The determinants of internal reputation: A study of Bahrain research scientists.
thesisposted on 19.11.2015, 09:08 by Naima Faisal. Al-Dossery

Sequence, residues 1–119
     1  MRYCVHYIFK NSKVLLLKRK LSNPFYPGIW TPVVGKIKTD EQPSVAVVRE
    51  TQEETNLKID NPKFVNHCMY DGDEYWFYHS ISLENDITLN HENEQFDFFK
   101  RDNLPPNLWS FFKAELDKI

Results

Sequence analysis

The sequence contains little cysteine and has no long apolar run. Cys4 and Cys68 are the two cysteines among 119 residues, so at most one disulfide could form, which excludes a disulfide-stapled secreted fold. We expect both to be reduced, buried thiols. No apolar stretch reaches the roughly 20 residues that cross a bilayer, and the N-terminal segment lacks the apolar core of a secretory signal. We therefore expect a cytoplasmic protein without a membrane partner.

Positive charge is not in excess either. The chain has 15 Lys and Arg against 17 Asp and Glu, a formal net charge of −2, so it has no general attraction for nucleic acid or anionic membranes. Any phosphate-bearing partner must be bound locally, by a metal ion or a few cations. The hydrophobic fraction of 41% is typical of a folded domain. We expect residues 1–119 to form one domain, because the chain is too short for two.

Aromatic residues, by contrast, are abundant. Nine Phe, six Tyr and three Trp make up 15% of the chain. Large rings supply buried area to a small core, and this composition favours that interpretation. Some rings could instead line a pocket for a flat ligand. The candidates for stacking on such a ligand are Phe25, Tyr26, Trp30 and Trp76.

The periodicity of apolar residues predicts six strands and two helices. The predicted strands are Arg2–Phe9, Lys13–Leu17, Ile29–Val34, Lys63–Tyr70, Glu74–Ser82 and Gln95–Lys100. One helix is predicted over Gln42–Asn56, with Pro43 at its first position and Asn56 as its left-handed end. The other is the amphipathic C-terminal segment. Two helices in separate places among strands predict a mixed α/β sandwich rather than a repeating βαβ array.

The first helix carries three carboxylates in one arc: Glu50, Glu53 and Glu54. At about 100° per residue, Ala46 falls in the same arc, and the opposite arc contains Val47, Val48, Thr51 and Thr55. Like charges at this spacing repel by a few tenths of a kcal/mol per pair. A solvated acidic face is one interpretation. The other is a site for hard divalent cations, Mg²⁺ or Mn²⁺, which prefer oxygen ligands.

This study analyses the factors which determine the reputation of governmental research departments and/or organisations in Bahrain. Reputation in this context refers to the extent to which research scientists regard the department in which they work as a good place or bad place to practise science. Thus it is internal rather than external reputation which is in question. Research scientists in departments within sixteen ministries and organisations were included in the study. The sample of 163 respondents was representative in terms of age, sex, qualifications and experience of the research scientists in the organisations covered. All the research scientists were educated to at least the level of Bachelor of Science (BSc) and in some cases had obtained a higher degree, Master of Science or Doctor of Philosophy. The views of the research scientists were collected by means of a questionnaire which contained 98 Likert-type questions. The relationships between the independent variables and the dependent variable, reputation, were examined using correlation and multi-variate analysis. The factors which contributed most to the perception of reputation were identified. Innovatory climate (INNO) emerged as the main determinant of internal reputation, job satisfaction (JSAT) as the second most important determinant, academic and scientific reputation (ACADM) as the third and working conditions (WCON) as the fourth determinant of internal reputation. The reputation equation with the contribution of each factor to the variance is summarised as: Reputation: INNO (51.4%); JSAT (7%); ACADM (2.3%); WCON (1%). This result confirms the result of the UK study by Jones (1996) which established innovatory climate and job satisfaction as the main determinants of internal reputation amongst RandD scientists in UK.